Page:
If you’re looking for an author who can deliver high-octane thrills every time and a character who is NOT to be messed with, you’ve found them. ZoГ« Sharp and Charlie Fox both kick ass.
Whenever people ask where I get my sick and twisted ideas from, I reply, ‘Just open your eyes.’
I’ve often said the reader knows every bit as much about Thorne as I do. When I created him for ‘Sleepyhead,’ I was determined he should be a character who would develop, book by book, change and grow as we all do, and who – crucially – would be unpredictable.
More than 100 years after he first appeared, Holmes remains the template for the fictional detective.
I’ve never read an ebook. Print every time.
I think women tend to write about how violence feels, whereas men tend to write about what violence looks like.
I’m a city boy. I grew up in a big city, in Birmingham, and I want to write about a city. It’s much richer tapestry for me than green fields. Fields and wild life make me feel ill. I don’t like – I don’t want to write about that stuff.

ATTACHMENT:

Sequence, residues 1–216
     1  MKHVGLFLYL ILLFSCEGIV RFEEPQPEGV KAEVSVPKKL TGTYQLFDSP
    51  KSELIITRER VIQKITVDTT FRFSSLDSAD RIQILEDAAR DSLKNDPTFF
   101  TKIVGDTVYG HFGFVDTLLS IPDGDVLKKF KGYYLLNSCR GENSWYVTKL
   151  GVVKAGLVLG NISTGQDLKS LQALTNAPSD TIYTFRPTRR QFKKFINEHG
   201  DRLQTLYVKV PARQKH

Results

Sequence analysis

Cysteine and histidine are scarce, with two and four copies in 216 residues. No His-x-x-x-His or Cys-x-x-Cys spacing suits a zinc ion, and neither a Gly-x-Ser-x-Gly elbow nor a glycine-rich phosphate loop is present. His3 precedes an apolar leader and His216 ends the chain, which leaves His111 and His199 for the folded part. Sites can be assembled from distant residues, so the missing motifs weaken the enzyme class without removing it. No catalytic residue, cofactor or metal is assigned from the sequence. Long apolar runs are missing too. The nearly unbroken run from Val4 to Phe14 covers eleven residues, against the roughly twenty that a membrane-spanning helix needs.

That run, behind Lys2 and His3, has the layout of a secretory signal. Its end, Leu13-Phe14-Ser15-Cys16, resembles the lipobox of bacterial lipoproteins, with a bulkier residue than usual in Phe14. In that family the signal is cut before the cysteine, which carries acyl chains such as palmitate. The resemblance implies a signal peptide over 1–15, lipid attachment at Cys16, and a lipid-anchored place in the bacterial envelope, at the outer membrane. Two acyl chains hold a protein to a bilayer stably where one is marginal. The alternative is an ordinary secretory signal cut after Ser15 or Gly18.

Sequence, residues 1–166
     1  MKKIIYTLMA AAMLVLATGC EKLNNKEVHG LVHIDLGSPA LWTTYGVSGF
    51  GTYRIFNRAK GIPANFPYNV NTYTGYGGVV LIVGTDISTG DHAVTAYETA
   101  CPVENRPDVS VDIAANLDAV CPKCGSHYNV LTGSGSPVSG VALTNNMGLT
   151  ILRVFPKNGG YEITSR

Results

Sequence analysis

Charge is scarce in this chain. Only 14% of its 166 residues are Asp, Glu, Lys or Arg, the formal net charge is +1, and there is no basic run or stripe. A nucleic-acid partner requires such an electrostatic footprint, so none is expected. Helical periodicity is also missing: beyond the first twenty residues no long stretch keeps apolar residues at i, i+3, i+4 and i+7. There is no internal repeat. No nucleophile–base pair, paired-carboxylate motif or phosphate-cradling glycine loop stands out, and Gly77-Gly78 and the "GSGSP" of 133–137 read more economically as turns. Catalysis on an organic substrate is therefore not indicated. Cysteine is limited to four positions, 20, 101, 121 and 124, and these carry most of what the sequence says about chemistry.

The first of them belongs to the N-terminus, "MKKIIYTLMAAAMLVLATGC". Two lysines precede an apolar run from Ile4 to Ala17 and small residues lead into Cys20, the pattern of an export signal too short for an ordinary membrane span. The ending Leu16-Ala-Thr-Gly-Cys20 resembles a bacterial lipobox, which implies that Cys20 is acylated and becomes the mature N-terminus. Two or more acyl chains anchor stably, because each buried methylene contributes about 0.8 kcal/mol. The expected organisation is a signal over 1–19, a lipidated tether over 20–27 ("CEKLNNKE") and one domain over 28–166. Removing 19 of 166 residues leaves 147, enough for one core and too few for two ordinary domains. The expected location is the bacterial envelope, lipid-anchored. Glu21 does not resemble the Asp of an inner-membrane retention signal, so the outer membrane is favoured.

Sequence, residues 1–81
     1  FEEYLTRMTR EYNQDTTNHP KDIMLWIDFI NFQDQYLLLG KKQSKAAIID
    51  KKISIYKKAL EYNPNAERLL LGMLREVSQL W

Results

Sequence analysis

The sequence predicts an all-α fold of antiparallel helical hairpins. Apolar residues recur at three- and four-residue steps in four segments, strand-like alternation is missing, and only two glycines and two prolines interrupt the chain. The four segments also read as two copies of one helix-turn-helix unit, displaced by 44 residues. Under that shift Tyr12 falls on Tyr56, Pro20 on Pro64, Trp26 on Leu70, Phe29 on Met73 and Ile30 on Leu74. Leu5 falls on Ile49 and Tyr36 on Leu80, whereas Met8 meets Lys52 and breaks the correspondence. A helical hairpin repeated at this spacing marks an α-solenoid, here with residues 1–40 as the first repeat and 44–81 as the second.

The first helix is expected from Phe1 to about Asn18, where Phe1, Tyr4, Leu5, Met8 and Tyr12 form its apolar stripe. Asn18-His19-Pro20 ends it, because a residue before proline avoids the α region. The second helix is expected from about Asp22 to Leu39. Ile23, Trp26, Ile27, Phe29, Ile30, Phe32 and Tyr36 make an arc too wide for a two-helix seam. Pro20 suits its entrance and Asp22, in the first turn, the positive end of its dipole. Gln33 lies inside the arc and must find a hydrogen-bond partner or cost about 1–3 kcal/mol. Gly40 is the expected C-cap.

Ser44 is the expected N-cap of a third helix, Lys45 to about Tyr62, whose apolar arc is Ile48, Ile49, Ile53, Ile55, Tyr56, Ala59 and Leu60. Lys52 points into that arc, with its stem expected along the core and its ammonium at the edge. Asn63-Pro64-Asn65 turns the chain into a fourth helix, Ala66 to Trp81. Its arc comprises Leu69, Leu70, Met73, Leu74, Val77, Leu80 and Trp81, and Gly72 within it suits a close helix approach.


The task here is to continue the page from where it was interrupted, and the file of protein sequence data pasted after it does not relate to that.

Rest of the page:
I could never gamble on stocks and shares because I saw my father get hurt that way – he lost quite a lot of money when the stock market collapsed in 2001.
I admire writers such as Elmore Leonard who can nail a character in three or four lines of dialogue, so he doesn’t need pages of back story or clumsy exposition.
Crime fiction has always been what I wanted to read, so when I sat down to write my first book, it was naturally the way that I was going to go.
When I began to write, I was surprised at how little London had been used in crime fiction. Places such as Edinburgh or Oxford or L.A. seemed to have stronger identities.
The problem with being a writer is that some readers tend to think that anything that comes out of a character’s mouth is you talking.
A reader’s own imagination is a far more powerful form of CGI than anything any movie can provide because it’s unique. In your own imagination, you can enter all sorts of worlds, and they are unique to you because no other reader will interpret a book the same way.
My dad was a terrible father. Dreadful. But he had a very difficult childhood. He was fostered – he never knew who his father was. So he had a very different attitude to family and kids. I don’t have any issues. I’m not suffering some secret angst.